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    Pancreatic Cancer Survival Rates: What Do They Really Mean?

    Lola Rahib, PhD

    The American Cancer Society estimates that in 2020, 57,600 people in the U.S. will be diagnosed with pancreatic cancer and 47,050 will die from the disease. But not everyone’s pancreatic cancer is the same. Understanding what survival rates mean—and which factors can impact them—could help you navigate your or your loved one’s disease. What is the five-year relative survival rate for pancreatic cancer? In… Read more »

  •   George Lundberg, MD

    Article from Michigan Health Lab curated by Editor in Chief George Lundberg, MD, who notes: 

    Children with serious brain tumors need access to as many clinical trials as possible. This new consortium will encourage that.

    Go to full article published by Michigan Health Lab.

    If you’re wondering whether this story applies to your own cancer case or a loved one’s, we invite you to get support from Cancer Commons.

  •   George Lundberg, MD

    Research paper from the Journal of Clinical Oncology curated by Editor in Chief George Lundberg, MD, who notes: 

    There has been confusion about how to conduct follow-up for a patient with lung cancer who has received therapy intended to cure. This new guideline intends to clarify best practice.

    Go to full paper published in the Journal of Clinical Oncology.

    If you’re wondering whether this story applies to your own cancer case or a loved one’s, we invite you to get support from Cancer Commons.

  •   George Lundberg, MD

    Curated by Editor in Chief George Lundberg, MD, who notes:

    Esophageal cancer is common and difficult to treat; causation, classification and diagnosis are evolving. Read here a patient-friendly overview of the disease from the U.S. National Cancer Institute.

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  •   George Lundberg, MD

    Curated by Editor in Chief George Lundberg, MD, who notes:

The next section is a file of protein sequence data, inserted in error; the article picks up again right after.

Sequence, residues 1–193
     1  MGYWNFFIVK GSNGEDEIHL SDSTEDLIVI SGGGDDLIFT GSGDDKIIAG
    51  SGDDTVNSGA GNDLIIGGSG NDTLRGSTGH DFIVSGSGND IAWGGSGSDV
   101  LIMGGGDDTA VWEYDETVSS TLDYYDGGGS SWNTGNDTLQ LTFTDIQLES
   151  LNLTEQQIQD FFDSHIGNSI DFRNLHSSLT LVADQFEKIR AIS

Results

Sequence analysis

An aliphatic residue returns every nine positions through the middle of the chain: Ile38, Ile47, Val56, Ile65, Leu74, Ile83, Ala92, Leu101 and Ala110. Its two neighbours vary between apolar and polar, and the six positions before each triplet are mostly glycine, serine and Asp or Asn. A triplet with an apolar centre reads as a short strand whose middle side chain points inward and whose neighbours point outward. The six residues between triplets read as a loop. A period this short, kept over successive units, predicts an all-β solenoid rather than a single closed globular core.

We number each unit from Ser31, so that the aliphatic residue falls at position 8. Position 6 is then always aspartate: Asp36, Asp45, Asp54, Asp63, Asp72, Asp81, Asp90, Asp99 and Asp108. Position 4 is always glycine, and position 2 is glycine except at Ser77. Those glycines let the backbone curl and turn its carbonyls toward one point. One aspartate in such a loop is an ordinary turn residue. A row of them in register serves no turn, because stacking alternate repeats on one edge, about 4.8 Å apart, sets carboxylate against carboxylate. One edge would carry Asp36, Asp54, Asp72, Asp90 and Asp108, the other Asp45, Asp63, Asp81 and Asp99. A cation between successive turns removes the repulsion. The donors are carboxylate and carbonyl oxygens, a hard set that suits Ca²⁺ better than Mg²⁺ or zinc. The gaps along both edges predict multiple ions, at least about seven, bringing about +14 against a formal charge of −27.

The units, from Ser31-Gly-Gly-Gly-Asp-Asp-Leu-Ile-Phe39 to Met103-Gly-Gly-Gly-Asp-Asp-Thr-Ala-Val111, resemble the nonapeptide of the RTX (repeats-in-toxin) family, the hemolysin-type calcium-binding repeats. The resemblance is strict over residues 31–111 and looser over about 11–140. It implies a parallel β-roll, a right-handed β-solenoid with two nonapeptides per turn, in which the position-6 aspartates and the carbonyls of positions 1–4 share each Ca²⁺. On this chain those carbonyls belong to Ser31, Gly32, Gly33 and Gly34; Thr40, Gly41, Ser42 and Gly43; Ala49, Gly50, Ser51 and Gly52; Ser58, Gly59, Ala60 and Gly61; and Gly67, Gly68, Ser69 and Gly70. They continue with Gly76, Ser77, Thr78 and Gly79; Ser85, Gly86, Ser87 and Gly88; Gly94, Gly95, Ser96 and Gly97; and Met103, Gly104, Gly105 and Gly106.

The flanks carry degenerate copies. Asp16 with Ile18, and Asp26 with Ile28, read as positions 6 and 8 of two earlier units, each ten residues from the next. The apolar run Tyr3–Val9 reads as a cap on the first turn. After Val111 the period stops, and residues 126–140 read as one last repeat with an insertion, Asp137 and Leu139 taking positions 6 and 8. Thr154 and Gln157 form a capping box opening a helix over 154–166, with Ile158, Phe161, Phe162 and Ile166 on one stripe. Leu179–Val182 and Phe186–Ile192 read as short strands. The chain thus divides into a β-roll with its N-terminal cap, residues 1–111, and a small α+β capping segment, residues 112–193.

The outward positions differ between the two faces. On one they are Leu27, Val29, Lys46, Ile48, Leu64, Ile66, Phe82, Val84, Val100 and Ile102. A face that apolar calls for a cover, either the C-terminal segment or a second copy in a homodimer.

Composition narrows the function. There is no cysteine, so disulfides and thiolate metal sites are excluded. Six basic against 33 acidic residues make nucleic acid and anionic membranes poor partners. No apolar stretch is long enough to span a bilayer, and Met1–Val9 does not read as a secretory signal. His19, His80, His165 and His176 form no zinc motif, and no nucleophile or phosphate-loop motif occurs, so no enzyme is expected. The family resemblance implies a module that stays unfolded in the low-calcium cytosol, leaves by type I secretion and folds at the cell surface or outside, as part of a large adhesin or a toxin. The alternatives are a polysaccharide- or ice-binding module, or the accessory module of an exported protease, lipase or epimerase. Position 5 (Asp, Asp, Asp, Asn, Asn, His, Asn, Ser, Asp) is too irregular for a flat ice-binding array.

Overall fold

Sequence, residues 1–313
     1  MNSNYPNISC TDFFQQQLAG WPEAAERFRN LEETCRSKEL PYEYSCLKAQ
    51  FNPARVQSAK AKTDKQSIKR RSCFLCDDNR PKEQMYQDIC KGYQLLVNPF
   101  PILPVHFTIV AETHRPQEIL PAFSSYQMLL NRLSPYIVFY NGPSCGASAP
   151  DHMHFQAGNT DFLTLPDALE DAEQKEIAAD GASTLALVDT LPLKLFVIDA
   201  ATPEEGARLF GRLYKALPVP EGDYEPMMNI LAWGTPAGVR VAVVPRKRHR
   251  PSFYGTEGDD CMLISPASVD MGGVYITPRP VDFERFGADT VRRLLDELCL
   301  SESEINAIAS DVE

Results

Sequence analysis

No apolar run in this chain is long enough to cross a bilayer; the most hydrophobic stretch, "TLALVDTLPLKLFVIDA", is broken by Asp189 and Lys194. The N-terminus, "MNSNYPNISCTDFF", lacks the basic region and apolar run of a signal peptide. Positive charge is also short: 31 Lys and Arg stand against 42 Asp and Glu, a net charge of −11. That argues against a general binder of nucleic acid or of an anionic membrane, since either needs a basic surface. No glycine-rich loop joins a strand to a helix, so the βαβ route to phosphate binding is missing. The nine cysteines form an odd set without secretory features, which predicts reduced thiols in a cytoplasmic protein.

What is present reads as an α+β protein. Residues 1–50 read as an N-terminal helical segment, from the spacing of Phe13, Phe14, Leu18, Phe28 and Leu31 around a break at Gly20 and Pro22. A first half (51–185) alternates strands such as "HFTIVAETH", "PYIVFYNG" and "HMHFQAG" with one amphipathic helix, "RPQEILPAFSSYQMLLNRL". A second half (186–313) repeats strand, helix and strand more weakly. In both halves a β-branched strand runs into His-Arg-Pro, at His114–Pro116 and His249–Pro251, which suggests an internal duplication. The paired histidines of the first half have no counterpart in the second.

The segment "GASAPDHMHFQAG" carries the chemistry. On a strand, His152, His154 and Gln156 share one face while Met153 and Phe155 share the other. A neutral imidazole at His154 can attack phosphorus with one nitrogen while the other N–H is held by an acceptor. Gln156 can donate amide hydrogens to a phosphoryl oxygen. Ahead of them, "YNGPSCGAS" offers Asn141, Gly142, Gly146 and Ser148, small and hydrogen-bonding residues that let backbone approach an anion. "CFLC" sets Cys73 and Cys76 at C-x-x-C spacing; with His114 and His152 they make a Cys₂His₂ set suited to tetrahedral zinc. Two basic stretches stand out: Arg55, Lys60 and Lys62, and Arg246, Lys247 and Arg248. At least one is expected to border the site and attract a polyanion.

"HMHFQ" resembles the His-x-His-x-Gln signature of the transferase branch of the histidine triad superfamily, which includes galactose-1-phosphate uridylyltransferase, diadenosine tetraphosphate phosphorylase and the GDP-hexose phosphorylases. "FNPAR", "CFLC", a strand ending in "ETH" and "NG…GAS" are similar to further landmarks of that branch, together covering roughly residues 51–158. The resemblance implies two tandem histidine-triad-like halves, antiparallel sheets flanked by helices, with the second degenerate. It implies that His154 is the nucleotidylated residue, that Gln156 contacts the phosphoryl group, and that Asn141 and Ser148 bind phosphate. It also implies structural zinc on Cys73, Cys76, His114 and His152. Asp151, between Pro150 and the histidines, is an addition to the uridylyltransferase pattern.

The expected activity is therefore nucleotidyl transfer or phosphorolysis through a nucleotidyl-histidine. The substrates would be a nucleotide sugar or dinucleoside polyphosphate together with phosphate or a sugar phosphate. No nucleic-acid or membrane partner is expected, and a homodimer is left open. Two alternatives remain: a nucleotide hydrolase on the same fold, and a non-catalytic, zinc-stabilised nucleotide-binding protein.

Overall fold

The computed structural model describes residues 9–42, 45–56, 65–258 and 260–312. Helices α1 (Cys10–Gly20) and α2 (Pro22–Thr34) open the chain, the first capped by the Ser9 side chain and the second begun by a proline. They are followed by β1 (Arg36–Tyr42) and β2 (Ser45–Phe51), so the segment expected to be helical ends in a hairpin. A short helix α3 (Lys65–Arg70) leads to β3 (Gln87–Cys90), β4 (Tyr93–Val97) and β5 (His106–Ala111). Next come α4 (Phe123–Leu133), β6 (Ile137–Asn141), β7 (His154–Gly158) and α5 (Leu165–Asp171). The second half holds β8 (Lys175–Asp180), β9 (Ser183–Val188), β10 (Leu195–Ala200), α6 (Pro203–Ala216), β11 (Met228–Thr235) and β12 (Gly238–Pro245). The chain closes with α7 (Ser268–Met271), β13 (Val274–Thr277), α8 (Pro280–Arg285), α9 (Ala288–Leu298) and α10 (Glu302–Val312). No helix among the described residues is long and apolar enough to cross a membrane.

The third leading cause of cancer death of women in developing countries, advanced cervical cancer is relatively rare in the U.S. This comprehensive review summarizes it nicely.

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    Fixed and Variable Factors that Impact a Brain Tumor Patient’s Prognosis

    George Lundberg, MD

    A Q&A with Burt Nabors, MD, Professor and Director of the Division of Neuro-oncology at the University of Alabama, Birmingham, and a member of the Cancer Commons Brain Tumor Advisory Board; bnabors@uabmc.edu Q: Primary brain gliomas can be devastating, often deadly, malignancies. Obvious prognostic factors include whether they are grade 1, 2, 3, or 4; their extent of growth prior to diagnosis (stage); and… Read more »

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    What Questions Should I Ask My Doctor?

    Cancer Commons ScientistsSarah Stanley

    When faced with an advanced cancer diagnosis, it can be difficult to know what questions to ask. At Cancer Commons, we help patients and caregivers navigate a vast sea of cancer information so they can work with their doctor to pinpoint their best possible treatment plan. Based on our Scientists’ many years of experience helping patients and caregivers around the world, here are some… Read more »

  •   George Lundberg, MD

    Curated by Editor in Chief George Lundberg, MD, who notes:

    Malignancies of lymphoid tissues are broadly named “lymphoma.” There are many categories and subcategories. Here is a broadly based report about non-Hodgkin lymphomas, published by Medscape in 2019.

     

  •   George Lundberg, MD

    Curated by Editor in Chief George Lundberg, MD, who notes:

    DIPG is a rare, malignant brain tumor. Three hundred Americans, usually children, are diagnosed with DIPG each year. Its location (pons), its sublocation (intrinsic), its growth character (diffuse), and its cell type (glioma) describe a very difficult cancer to treat. Here is how one prestigious cancer center (Dana-Farber Cancer Institute) explains DIPG.

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  •   George Lundberg, MD

    Curated by Editor in Chief George Lundberg, MD, who notes:

    Malignant melanoma is a fairly common, usually cutaneous, potentially lethal malignancy, and precision oncology has demonstrated some dramatic successes for treatment of its advanced stages. If you wish to learn more, this 2019 encyclopedic discourse from Medscape is solid, current, unbiased, and sensible.